The EU

Google says the EU requires a notice of cookie use (by Google) and says they have posted a notice. I don't see it. If cookies bother you, go elsewhere. If the EU bothers you, emigrate. If you live outside the EU, don't go there.

Saturday, June 16, 2012

Educational Alternatives

Before I read this article I had heard of free online courses by various institutions of higher education, but didn't know they had a collective name—Massively Open Online Courses (MOOCs).  One doesn't get college credit for such courses, at least not directly.  After completing the course one can then go for a prior learning assessment.  This is disruptive technology.  Not enough to replace current college degrees, but we are on the path to a new approach to higher education.  The current education bubble, combined with reduced job opportunities for humanities graduates could force a revolution.  For example, we could give higher value to an AA and front load that AA with immediately useful courses, very task related, saving the other 60 credit hours for Continuing Education/Distance Learning for courses that round out a person, preparing them for leadership or management positions.  A little innovation and the current system could implode.

Hat tip to the Instapundit.

Regards  —  Cliff


The New Englander said...

Thanks for posting this. I am taking a required Microeconomics course this summer. Price tag was near $800, and that's NOT counting books or a "final examination fee" that will come when I take the proctored final at a nearby community college. You would think I could've beaten that by shopping around, but despite VERY low overhead and tiny marginal costs for new student enrollments, it seems that the for-credit cartel has succeeded in keeping such prices artificially high.

Meanwhile, I am engaged in some heavy-duty self-study in CASE (Calculus, Accounting, Statistics, and Economics). There is a lot of free material online, but I am not afraid to pay, either...and when you "set the market loose" on this type of stuff, you find that you can purchase comprehensive, complete courses with lectures, notes, detailed texts, interactive help, thousands of exam questions with answers, etc. for about 10% of the cost of the for-credit stuff.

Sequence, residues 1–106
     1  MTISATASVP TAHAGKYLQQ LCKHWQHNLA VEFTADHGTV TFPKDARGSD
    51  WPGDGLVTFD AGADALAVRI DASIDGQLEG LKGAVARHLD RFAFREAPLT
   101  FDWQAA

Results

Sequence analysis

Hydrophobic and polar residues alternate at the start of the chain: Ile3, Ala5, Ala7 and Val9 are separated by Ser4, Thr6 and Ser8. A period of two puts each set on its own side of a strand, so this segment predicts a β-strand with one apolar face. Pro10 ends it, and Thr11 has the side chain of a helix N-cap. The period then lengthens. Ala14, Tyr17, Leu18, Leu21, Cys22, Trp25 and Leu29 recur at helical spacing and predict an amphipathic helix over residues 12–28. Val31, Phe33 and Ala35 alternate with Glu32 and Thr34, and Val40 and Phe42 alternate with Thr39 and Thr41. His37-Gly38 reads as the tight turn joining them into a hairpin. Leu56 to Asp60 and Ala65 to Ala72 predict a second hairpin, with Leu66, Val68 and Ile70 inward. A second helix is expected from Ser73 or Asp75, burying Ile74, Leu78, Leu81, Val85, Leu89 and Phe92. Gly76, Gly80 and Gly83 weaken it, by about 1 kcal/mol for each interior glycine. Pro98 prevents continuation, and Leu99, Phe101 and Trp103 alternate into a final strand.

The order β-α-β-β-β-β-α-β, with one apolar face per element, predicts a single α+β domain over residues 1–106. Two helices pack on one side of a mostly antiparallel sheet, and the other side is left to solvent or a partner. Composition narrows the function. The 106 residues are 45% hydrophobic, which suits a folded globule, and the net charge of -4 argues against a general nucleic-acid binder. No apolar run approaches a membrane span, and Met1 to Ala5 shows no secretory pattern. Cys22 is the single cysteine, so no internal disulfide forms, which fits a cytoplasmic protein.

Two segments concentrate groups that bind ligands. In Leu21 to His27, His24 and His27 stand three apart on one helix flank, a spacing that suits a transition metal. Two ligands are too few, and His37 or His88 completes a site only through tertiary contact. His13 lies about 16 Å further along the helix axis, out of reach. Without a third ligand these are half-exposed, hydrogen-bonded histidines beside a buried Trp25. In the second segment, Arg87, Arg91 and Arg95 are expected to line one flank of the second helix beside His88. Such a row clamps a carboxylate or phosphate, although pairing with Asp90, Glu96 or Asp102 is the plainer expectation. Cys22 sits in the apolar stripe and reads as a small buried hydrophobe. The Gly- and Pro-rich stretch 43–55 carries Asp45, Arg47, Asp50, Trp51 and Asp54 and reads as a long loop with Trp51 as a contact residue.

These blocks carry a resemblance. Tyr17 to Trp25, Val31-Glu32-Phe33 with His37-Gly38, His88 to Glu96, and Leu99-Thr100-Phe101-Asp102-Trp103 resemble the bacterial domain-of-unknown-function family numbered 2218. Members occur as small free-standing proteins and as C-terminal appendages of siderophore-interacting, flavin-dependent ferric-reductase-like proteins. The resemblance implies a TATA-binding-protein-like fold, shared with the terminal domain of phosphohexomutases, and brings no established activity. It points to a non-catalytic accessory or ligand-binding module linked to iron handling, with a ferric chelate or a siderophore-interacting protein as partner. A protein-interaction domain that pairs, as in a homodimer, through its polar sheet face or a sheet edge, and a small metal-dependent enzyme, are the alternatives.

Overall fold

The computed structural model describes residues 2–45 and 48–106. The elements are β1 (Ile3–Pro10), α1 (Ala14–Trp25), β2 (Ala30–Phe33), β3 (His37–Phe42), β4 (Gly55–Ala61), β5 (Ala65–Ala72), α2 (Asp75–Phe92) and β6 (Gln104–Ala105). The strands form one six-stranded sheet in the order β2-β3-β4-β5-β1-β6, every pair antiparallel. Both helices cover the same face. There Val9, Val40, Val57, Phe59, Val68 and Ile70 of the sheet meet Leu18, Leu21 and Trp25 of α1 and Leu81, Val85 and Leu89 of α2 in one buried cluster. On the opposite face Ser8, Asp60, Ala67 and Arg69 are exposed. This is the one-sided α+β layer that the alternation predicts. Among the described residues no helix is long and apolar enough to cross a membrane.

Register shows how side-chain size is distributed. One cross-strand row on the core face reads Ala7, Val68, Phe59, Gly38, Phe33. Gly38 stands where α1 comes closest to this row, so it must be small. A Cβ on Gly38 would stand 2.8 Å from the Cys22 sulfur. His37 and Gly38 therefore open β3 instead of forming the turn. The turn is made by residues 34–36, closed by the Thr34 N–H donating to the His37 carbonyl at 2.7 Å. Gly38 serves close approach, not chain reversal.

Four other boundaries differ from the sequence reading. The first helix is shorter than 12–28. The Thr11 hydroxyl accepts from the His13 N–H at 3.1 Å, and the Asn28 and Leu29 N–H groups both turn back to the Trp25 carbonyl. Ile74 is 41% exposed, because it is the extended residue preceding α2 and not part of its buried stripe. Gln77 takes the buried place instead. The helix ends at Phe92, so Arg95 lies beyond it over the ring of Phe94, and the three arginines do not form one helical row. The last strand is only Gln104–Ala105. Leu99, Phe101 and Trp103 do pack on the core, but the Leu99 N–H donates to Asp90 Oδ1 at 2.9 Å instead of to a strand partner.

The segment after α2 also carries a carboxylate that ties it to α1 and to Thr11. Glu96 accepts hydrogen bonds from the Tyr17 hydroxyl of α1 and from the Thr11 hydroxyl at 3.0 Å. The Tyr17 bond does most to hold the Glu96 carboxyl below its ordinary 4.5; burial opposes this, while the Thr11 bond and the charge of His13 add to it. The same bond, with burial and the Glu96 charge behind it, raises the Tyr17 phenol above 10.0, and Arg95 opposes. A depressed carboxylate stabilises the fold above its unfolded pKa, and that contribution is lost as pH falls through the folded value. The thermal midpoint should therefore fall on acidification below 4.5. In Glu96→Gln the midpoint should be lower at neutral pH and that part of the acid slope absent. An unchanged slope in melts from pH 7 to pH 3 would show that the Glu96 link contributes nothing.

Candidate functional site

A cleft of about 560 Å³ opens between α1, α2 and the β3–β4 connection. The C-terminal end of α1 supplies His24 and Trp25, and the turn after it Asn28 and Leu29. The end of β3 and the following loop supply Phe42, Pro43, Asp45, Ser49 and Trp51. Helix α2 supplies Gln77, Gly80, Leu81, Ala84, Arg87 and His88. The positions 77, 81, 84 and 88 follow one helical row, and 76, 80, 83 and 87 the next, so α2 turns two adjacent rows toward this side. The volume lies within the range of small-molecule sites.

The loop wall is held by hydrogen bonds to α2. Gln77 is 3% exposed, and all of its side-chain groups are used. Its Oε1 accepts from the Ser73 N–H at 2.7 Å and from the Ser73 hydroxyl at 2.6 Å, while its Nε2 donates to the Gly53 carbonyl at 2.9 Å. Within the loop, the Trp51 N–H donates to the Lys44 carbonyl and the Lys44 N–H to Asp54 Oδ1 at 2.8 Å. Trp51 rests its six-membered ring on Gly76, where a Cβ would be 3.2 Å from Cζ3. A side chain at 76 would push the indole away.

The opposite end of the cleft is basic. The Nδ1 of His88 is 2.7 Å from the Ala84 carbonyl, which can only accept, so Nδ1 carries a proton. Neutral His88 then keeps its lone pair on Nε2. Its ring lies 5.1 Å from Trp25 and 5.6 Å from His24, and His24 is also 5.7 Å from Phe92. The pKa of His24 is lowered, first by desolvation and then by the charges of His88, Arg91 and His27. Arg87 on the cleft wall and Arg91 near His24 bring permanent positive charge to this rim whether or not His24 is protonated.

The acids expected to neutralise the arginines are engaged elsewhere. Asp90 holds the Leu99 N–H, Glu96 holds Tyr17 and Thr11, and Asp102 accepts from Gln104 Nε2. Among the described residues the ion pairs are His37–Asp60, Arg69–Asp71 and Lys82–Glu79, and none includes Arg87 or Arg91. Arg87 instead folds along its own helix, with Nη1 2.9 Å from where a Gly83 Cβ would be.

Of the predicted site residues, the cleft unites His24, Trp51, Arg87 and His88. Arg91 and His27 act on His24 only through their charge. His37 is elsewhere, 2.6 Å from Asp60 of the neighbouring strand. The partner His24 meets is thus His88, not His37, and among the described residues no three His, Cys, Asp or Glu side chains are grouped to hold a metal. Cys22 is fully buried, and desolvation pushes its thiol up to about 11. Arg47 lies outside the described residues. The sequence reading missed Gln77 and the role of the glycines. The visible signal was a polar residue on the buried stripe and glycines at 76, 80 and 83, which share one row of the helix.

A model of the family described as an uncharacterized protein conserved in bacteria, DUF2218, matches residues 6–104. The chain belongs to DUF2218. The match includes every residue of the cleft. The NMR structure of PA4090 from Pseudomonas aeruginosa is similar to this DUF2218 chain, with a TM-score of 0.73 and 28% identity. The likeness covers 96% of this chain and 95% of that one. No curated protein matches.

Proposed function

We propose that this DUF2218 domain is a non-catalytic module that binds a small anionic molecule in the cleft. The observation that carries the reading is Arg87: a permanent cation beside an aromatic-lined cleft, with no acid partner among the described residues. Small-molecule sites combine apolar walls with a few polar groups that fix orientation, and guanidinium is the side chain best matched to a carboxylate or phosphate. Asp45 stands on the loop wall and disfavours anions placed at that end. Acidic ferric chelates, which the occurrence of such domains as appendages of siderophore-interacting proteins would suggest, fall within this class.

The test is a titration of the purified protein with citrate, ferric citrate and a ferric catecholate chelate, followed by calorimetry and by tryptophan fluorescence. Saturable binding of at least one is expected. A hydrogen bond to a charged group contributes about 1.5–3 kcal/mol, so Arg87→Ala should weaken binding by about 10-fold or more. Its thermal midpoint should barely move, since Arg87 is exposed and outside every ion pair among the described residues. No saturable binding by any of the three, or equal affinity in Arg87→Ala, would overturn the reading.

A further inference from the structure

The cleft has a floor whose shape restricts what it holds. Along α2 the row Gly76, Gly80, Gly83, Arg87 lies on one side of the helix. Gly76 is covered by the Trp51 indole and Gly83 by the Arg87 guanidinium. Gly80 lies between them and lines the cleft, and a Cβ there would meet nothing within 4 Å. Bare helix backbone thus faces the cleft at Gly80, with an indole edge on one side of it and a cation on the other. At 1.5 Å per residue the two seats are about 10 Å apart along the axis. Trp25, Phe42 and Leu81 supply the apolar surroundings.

Then I've got things like Khan Academy and Open CourseWare to help me further. I like your assessment about where this is all headed. I don't have any particularly good insights to share about exactly HOW online ed will democratize the process and smash the higher ed bubble, but this is one of the most important trends to be paying attention to.

Anonymous said...

This post brings to mind one of my favorite campaigns. What is being addressed by the existence of free college level courses is "learning" vs. "education." I make a hard distinction between the two. "Education" is first a business and second a business process. Learning is a personal activity that can occur anywhere, any time. As a society, we need to grasp the significance between the two and prepare our youngest for a lifelong ability to "learn," not just as a means to an end, but as an enrichment to life itself.

We need to get away from the "what do I get for this" mentality. MIT has excellent FREE online courses in a number of disciplines...but you don't "GET" anything for taking them.....well...other than knowledge and understanding.

Today, in literally most professional/business pursuits, one is selected (hired) under the presumption that the BS, BA, MS, MA or even PdD has prepared the candidate for employment in that field. Certainly, at a minimal threshold level, that MAY be the case, however, great time and expense have been paid for trappings that are completely irrelevant to that employment, but essential to the business of education. I would propose that to get any job....ANY would need to take a qualification exam. When I applied for my pilot's licenses and ratings...I had to take a test...and I had to prepare for that test ON MY OWN...through my OWN effort. Nobody unzipped my skull and poured in "Commercial Pilot." One gets to be a good commercial pilot and continue enjoying life by personal study..that is endless....and personal practice....that is endless. The old standard of five takeoffs and landings in the preceding 90 days is a bureaucratic threshold that has nothing to do with reality. If that is all you will likely die doing it.

Another incredibly rich source of "learning" from the icons in every human field of intellectual inquiry is The Great Lectures that are sold by The Great Courses....a company who contracts with the leading experts in academia to record their courses and then sell them at a nominal fee. don't get "college credit" for taking the courses...all you get is the knowledge and understanding about a subject provided by the leading mind in that field.

And what learning is all about.